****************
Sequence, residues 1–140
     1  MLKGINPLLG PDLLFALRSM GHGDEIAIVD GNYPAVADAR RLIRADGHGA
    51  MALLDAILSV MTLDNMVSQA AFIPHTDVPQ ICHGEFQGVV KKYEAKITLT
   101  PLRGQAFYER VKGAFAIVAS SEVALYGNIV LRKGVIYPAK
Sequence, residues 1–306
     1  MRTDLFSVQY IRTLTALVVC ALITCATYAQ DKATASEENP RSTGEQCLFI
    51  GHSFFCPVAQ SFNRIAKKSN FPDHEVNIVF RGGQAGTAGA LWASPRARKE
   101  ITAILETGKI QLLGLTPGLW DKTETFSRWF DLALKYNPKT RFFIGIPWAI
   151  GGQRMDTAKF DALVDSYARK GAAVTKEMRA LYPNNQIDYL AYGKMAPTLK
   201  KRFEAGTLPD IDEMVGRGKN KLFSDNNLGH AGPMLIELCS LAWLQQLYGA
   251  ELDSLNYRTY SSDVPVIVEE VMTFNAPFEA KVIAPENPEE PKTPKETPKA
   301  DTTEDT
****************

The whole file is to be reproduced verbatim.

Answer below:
Sequence, residues 1–140
     1  MLKGINPLLG PDLLFALRSM GHGDEIAIVD GNYPAVADAR RLIRADGHGA
    51  MALLDAILSV MTLDNMVSQA AFIPHTDVPQ ICHGEFQGVV KKYEAKITLT
   101  PLRGQAFYER VKGAFAIVAS SEVALYGNIV LRKGVIYPAK
Sequence, residues 1–306
     1  MRTDLFSVQY IRTLTALVVC ALITCATYAQ DKATASEENP RSTGEQCLFI
    51  GHSFFCPVAQ SFNRIAKKSN FPDHEVNIVF RGGQAGTAGA LWASPRARKE
   101  ITAILETGKI QLLGLTPGLW DKTETFSRWF DLALKYNPKT RFFIGIPWAI
   151  GGQRMDTAKF DALVDSYARK GAAVTKEMRA LYPNNQIDYL AYGKMAPTLK
   201  KRFEAGTLPD IDEMVGRGKN KLFSDNNLGH AGPMLIELCS LAWLQQLYGA
   251  ELDSLNYRTY SSDVPVIVEE VMTFNAPFEA KVIAPENPEE PKTPKETPKA
   301  DTTEDT